Science Europe Russia Russian capsule carrying robot fails space station docking

Katie Ramirez
August 24, 2019

Fedor blasted off Thursday in a Soyuz MS-14 spacecraft from Russia's Baikonur Cosmodrome in Kazakhstan and was to stay on the ISS until September 7 learning to assist astronauts in the space station.

Russia's Soyuz MS-14 spacecraft will make another attempt to dock at the International Space Station (ISS) in the early hours of Monday, Vladimir Solovyov, the head of the control center of the Russian segment of the ISS, said on Saturday.

A Russian humanoid robot was making its way to the International Space Station (ISS) after blasting off on a two-week mission to support the crew and test his skills.

"The craft was unable to lock onto its target at the station", and "backed a safe distance away from the orbital complex while the Russian flight controllers assess the next steps", NASA said.

"Russian flight controllers have indicated the next earliest docking attempt could be Monday morning", NASA said.

The Soyuz MS-14/60S spacecraft was launched Wednesday night USA time from the Baikonur Cosmodrome in Kazakhstan.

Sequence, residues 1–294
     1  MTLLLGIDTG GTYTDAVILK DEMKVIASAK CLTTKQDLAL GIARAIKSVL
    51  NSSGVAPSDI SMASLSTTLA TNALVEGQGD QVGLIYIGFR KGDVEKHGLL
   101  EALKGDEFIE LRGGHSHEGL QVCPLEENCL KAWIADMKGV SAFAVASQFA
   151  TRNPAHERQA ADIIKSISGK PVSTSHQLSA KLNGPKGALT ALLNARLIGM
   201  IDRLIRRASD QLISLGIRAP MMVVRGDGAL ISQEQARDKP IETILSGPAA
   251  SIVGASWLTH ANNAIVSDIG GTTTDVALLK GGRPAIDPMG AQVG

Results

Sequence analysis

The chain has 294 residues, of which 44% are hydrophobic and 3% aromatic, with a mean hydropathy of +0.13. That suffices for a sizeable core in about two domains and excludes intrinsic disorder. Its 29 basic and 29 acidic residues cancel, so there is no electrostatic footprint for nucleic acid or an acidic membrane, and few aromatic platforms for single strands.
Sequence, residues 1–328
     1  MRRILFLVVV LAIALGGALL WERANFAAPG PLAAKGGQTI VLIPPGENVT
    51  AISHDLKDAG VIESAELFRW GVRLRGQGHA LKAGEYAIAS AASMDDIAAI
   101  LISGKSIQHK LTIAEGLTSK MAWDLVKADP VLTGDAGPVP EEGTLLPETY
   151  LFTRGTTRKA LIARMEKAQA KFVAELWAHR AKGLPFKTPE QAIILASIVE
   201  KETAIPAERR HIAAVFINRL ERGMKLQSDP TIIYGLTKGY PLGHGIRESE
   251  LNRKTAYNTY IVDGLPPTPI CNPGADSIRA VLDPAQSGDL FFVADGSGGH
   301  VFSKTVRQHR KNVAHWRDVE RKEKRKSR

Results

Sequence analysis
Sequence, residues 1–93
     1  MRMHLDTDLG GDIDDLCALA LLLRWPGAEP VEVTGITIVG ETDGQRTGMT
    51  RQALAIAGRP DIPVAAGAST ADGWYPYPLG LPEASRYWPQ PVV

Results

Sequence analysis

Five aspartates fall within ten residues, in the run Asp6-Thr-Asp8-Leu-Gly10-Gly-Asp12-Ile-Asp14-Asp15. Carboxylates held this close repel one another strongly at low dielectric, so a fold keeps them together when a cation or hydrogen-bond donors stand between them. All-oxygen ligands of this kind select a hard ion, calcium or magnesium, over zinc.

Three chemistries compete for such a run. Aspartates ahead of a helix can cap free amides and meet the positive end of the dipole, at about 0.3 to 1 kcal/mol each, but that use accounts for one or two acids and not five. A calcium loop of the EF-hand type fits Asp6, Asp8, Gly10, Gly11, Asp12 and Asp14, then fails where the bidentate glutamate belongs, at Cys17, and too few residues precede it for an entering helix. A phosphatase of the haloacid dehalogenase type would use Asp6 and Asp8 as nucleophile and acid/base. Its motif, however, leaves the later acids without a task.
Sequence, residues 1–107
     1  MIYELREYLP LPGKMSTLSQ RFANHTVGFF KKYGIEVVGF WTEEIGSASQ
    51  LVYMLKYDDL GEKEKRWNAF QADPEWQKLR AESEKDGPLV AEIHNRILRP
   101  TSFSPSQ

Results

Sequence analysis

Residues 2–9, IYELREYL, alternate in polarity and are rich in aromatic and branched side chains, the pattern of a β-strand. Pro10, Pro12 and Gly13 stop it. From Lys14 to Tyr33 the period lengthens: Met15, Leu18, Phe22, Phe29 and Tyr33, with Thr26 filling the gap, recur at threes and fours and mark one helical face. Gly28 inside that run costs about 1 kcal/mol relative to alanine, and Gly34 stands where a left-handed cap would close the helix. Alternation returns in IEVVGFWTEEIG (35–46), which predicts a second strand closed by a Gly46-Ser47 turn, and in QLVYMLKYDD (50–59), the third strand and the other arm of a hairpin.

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The spacecraft is now 96 meters away from the station and officials plan to attempt docking again on Monday morning, RIA reported, citing Russia's flight control center.

"Let's go. Let's go", the robot was heard saying during launch, repeating the famous phrase used by first man in space Yuri Gagarin.

Perhaps Fedor's most important job is already over: He's launched into space aboard an upgraded version of Russia's storied Soyuz rocket to serve as a test dummy of sorts. Recent reports say that NASA had also sent a "Humanoid Robot-2" back in 2011. In 2017, a Russian official posted a video on his Facebook page that showed a Fedor robot it being worked on by the Russian Foundation for Advanced Research Projects. On Saturday, Russia's space agency Roskosmos showed a live feed of what was expected to be the final stage of the journey.

A Russian spacecraft vaulted into Earth's orbit this week with a lone passenger: A life-sized, artificially intelligent, humanoid robot by the name of Fedor.

It is six foot tall and weighs 233 pounds when not carrying extra cargo.

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